Sleep Mental Health and Relationships. Yes, there is a connection. In fact, according to Dr Michael Mosley, sleep is critical for your mental and physical health. Before I focused my attention on relationships within my coaching practice, I worked for the NHS as a therapist. One thing that I noticed then and notice now, both within the lives of my clients and within my own life, is the significance of getting the right amount of sleep.
And when I say the right amount of sleep, I mean the right amount of sleep for you. Like in most things in life, sleep and the amount you require, is different for everyone.
People have varying ideas around sleep, some even say it is good waste of time, when you could be productive in other areas of your life and resent having to carry out the act at all.
Research into sleep has shown that there are so many things that happen during our sleep cycle, that are of benefit to us, that we really do need to get the right amount of shut eye daily and one that fits your circadian rhythm (24-hour cycles that are part of the body’s internal clock, running in the background to carry out essential functions and processes.
One of the most important and well-known circadian rhythms is the sleep-wake cycle). In a typical night we will go through 4-6 sleep cycles that last roughly 90 minutes in length, but will vary depending on a variety of factors in each person.
During these cycles we spend time in different sleep stages, of which there are 4:
- Stages 1-3 are known as Non-Rapid Eye Movement (NREM)
- Stage 4 is Rapid Eye Movement (REM)
What are the benefits of sleep?
It helps us solve problems and consolidate memories. While you are in in the dream state, you are processing a lot of the emotional things that go on during the day. And so, if you don’t get enough REM sleep, you tend to feel irritable.
It allows tissue growth and repair, promotes metabolic health and even flushes out the brain, which if doesn’t happen has been linked to Alzheimer’s and dementia. Disrupted or not enough sleep is known to affect your emotional responses, including increased anxiety, loss of empathy, impulsivity and can even reduce your sense of humour.
Your ability to focus and carry out tasks as it impacts on attention and concentration levels, communication, decision making and creativity.
Poor sleep will also increase your chances of strokes, heart attack, infections, cancer, obesity and diabetes, along with it being more difficult to recover from illness if you are already unwell.
How much do you need?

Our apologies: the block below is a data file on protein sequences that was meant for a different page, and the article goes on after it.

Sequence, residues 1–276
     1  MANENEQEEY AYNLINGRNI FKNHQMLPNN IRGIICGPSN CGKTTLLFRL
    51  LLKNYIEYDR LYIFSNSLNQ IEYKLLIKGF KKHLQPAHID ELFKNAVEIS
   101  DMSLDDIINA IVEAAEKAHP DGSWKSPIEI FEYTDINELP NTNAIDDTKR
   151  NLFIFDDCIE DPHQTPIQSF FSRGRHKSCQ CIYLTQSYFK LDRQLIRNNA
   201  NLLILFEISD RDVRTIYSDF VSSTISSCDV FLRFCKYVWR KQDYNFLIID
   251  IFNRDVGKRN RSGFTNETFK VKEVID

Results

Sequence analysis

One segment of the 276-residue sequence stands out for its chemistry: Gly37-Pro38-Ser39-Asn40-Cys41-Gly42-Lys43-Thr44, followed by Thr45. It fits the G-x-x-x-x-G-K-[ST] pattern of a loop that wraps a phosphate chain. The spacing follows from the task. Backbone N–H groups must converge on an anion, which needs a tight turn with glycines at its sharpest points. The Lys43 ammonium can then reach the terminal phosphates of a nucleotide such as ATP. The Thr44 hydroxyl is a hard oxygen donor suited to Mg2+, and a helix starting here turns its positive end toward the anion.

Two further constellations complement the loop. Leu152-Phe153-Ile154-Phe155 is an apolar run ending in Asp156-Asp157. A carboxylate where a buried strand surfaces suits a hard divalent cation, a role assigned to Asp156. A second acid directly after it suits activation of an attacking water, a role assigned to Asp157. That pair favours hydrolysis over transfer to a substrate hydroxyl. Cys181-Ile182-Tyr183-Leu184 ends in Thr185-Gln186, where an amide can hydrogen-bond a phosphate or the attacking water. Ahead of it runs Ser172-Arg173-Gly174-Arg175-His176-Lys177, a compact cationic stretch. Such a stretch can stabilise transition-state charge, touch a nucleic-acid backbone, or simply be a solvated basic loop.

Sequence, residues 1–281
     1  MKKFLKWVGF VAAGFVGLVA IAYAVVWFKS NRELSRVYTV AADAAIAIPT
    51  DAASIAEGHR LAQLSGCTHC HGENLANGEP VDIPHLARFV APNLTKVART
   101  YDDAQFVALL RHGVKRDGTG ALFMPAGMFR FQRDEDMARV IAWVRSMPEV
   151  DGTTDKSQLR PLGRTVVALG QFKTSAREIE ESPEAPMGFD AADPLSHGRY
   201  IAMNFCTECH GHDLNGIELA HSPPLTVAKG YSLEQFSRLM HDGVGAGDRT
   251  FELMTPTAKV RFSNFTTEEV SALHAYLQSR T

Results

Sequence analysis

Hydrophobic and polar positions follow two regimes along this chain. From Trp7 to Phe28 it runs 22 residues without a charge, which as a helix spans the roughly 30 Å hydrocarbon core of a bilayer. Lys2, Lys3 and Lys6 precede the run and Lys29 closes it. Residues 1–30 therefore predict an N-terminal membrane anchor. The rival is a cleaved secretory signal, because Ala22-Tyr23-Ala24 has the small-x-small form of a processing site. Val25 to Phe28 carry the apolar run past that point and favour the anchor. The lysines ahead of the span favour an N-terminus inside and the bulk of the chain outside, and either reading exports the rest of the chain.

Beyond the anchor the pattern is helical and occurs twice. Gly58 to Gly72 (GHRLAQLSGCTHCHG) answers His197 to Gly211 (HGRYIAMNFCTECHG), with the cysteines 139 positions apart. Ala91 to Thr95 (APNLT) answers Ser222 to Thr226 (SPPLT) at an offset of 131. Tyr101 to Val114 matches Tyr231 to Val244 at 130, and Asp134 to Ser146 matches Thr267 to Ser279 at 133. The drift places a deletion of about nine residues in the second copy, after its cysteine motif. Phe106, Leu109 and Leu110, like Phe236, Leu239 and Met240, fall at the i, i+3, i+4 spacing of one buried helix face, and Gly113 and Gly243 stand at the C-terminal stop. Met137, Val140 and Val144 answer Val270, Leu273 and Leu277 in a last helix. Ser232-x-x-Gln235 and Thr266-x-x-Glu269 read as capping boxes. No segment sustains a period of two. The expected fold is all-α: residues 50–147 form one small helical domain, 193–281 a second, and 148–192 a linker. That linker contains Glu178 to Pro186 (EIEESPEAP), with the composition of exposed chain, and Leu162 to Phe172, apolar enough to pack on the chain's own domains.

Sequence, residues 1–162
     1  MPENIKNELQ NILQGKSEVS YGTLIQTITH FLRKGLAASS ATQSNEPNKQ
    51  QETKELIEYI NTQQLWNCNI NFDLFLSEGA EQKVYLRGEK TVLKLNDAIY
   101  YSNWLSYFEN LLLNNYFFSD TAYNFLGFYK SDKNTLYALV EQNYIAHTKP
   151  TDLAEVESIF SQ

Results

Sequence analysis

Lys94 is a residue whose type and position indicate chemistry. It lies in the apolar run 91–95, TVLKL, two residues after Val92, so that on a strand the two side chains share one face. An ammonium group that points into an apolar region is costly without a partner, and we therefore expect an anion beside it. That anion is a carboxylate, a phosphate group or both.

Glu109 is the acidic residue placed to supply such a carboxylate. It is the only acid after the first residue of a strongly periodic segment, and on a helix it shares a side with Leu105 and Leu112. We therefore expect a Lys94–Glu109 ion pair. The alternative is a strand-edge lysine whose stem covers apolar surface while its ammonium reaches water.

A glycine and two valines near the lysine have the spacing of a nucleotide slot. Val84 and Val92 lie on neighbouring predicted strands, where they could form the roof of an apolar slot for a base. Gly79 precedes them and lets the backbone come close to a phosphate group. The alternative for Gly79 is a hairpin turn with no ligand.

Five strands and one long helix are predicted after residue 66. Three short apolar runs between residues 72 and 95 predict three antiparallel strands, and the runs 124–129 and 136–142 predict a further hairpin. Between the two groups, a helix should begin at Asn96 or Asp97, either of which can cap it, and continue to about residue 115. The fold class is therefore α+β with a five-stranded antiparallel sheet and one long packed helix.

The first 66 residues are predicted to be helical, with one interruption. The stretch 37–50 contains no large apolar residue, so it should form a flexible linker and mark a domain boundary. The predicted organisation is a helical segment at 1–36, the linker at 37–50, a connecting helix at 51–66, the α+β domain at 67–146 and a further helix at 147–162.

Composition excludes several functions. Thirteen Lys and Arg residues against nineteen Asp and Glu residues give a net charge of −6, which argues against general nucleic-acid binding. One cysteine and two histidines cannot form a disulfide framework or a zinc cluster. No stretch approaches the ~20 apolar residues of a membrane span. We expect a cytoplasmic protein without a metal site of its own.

This is variable, dependent on age and your own circadian rhythms. But roughly, as adults we need 7 hours a day. Some people can function on less because they are genetically made that way. Oh, and we don’t need less as we get older, we just have a tendency to get less.
If your body tells you that an afternoon nap is in order, then you probably need to grab a bit of sleep, with around 30 minutes seen as the optimal time for this. You are more likely to be a night owl – 25% of the population, than a lark – 10% of the population, whereas most fall into the dove category – somewhere in between the two – 65%.
How do you know if you are getting a good night’s sleep?
Pretty simple really. The most reliable indicator is do you feel terrible when you wake in the morning? If you feel you can do what you need to do during the day without significant tiredness, you are probably fine. If, you are dependent on another person to get you out of bed; if you get up late on free days, if you take a long time to wake up and feel alert; if you feel sleepy and irritable during the day or if you feel the need for a caffeinated or sugar-rich drink, these may be signs that you’re not getting sufficient, quality sleep. But there is no formal test.
If you fall asleep straightaway, usually within 15 minutes of going to bed, you are likely to be sleep deprived and if you take up to 50 minutes then you have an issue getting to sleep. 20 minutes usually indicates a healthy time to drop off.
As mentioned, a lack of sleep can lead to irritability, lack of empathy, increased anxiety and so on. It will impact on your health and so your ability to engage with others, share experiences and socialise in general. Your partner may be on the receiving of those moods, that anxiety and your lack of interest in their problems as well as having to put a lot of effort into looking after you.
So, make your quality of sleep your responsibility so that you can be the best, fittest, happiest and healthiest version of yourself as often as possible. That will definitely help your relationships to be the same.
Take possession of your sleep, don’t let anyone tell you what is the right thing for you and ultimately – enjoy it!